Film ID:
NEFA 21867

SIX FIVE: BOB HOPE INTERVIEW

1967

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Description

Tyne Tees Television Six Five news programme interview by Phil McDonnell with British-born American actor Bob Hope, born as Leslie Townes Hope, on his British tour to promote the release of the comedy film ‘Eight on the Lam’’, directed by George Marshall. The item was originally broadcast on 1 June 1968.

Phil McDonnell asks Bob Hope a question [cuts off at the start of question]

Bob Hope says he is a fan of Shirley Eaton [who plays the character of Ellie Barton in the film] so he asked for her in the film. The actor Jonathan Winters is in the film. He jokes ‘They’re using it as a trailer for the mental health association’. There is laughter off screen.

McDonnell says that it is known that [Bob Hope] doesn’t like to talk about money. But that it has been reported that he is one of the richest men in America with close on 250 million dollars.

The comedian says that McDonnell has padded it a little, by about a million. There is more laughter off screen. He continues ‘Actually, I’m one of Paul Getty’s bell boys.’

McDonnell perseveres, asking how far Hope’s money was made through his shrewd business brain, as opposed to his sharp wit. Hope replies ‘Well, I’d like to know how it was made, ‘cos I didn’t make it.’ Laughter follows off-screen. He adds that he had it one time, but the government took it away from him. He denies ever having had that much money. It’s down to luck. He continues to say that he was born here [in Eltham, London] He went to Cleveland, Ohio, at a young age [at the age of four]. He started in vaudeville a few years later for five dollars a night. He worked his way up the hard way and was very lucky. He says that he wished he could say that he’d amassed that fortune, but he didn’t. He did do pretty well.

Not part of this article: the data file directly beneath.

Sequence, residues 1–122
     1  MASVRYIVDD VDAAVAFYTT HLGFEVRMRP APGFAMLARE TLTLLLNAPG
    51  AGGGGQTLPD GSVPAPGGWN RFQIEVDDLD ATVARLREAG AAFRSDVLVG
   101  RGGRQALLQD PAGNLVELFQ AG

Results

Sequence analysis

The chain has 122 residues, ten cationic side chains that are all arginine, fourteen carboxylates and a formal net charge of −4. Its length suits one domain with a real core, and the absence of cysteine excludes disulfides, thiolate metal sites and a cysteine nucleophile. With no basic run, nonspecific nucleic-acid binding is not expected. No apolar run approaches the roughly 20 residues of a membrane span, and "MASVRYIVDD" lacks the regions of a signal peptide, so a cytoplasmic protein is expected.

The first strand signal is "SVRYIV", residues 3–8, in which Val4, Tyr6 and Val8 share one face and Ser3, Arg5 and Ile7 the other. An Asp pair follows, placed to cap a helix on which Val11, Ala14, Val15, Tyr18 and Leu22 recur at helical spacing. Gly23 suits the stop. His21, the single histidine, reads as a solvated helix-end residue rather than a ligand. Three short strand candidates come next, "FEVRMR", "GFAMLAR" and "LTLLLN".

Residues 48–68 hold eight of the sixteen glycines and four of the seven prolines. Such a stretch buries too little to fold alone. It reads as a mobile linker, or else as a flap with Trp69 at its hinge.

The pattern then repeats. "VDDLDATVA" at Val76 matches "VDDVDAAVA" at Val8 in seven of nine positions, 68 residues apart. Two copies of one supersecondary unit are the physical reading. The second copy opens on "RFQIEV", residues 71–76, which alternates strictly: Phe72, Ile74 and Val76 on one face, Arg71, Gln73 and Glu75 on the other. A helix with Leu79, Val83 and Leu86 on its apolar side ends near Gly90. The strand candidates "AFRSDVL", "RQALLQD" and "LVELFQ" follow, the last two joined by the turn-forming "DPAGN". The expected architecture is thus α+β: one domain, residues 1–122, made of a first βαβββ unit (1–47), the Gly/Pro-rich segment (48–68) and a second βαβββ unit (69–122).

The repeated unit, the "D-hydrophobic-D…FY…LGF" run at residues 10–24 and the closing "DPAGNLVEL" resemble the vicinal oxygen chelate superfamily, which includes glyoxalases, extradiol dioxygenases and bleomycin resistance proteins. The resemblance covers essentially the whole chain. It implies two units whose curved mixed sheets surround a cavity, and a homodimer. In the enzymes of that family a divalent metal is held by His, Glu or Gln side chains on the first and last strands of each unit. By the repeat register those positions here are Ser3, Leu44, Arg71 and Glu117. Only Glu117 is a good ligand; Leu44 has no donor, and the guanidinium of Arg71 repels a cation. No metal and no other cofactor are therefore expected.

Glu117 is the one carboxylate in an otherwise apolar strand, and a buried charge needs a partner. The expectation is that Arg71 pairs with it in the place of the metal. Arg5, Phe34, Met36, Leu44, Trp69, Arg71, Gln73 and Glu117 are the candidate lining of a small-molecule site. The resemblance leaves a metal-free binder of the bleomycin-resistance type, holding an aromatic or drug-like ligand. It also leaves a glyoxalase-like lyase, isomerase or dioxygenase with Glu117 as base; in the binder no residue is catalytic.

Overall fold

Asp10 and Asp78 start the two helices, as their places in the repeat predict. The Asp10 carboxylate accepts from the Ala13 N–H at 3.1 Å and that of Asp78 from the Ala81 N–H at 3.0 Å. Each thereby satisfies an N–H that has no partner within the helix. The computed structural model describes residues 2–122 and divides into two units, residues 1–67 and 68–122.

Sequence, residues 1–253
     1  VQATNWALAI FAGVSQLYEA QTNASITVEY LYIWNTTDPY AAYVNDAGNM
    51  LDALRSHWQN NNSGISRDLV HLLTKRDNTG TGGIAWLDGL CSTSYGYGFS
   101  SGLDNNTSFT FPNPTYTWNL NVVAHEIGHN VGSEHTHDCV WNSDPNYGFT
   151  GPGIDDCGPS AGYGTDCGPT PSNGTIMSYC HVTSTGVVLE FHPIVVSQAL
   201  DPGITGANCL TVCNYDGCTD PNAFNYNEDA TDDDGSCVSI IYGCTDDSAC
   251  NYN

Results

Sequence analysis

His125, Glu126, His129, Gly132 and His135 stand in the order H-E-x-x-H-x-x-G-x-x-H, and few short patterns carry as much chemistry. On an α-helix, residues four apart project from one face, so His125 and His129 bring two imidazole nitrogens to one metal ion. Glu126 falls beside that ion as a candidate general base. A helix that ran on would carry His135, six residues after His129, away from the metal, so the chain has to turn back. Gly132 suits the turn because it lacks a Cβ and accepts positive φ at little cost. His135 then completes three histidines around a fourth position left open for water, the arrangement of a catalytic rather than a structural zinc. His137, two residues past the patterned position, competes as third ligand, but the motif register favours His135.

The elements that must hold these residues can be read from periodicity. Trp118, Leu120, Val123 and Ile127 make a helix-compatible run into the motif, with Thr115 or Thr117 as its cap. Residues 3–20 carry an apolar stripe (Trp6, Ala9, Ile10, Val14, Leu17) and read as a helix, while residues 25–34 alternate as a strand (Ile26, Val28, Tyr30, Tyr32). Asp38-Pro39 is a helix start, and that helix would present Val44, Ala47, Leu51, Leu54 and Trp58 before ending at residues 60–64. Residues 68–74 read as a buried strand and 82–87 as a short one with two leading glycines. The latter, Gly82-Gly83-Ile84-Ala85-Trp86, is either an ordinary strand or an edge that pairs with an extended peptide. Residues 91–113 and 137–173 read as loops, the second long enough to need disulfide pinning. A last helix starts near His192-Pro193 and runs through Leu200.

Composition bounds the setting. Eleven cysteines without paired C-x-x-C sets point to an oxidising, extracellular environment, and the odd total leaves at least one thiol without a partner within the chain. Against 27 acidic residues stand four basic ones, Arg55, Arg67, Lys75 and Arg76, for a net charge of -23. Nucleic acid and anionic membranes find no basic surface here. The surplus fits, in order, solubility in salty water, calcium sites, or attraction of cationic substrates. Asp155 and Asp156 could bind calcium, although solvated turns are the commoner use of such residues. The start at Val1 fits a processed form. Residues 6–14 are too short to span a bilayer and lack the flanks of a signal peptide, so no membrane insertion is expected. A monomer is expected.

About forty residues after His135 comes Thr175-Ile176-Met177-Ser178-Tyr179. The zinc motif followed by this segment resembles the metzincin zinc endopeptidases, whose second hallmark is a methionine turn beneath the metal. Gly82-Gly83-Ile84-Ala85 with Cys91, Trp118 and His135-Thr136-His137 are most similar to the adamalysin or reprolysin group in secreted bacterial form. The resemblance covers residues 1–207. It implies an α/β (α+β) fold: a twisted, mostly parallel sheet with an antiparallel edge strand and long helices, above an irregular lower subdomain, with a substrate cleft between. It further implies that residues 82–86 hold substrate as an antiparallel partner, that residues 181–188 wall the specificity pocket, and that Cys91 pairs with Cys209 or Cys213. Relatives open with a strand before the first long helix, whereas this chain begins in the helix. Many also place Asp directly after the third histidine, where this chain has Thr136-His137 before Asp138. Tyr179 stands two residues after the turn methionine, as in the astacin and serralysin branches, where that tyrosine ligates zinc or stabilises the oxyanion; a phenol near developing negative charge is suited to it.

McDonnell asks why his sometime comedy partner, Bill Crosby, wasn’t mentioned in the rich man’s list. He asks if it’s true that he’s got a shrewder business head than Bob Hope. The comedian says, no, Crosby was born with ‘that frog in his throat’ [referring to Crosby’s singing voice]. It was on a lily pad. And he can’t knock that because the two have made a fine dollar together.

McDonnell then says that Hope’s film publicity has described Hope as a native of England, a national monument of the United States, and a citizen of the world. He asks how Hope sees himself. Hope replies that he doesn’t know. He’s just trying to get a few laughs. He proceeds to promote his new film, Eight on the Run [also known as ‘Eight on the Lam’].

McDonnell asks what is left for him to achieve. Bob Hope replies wryly that he just wants to lie down somewhere. He pauses and says on a good golf course – 18 holes. He talks about maybe getting a nurse that can drive a golf buggy and could ferry him around.

McDonnell, even more cheekily, asks about retirement.

He says he doesn’t know what he could retire to that would be this much fun.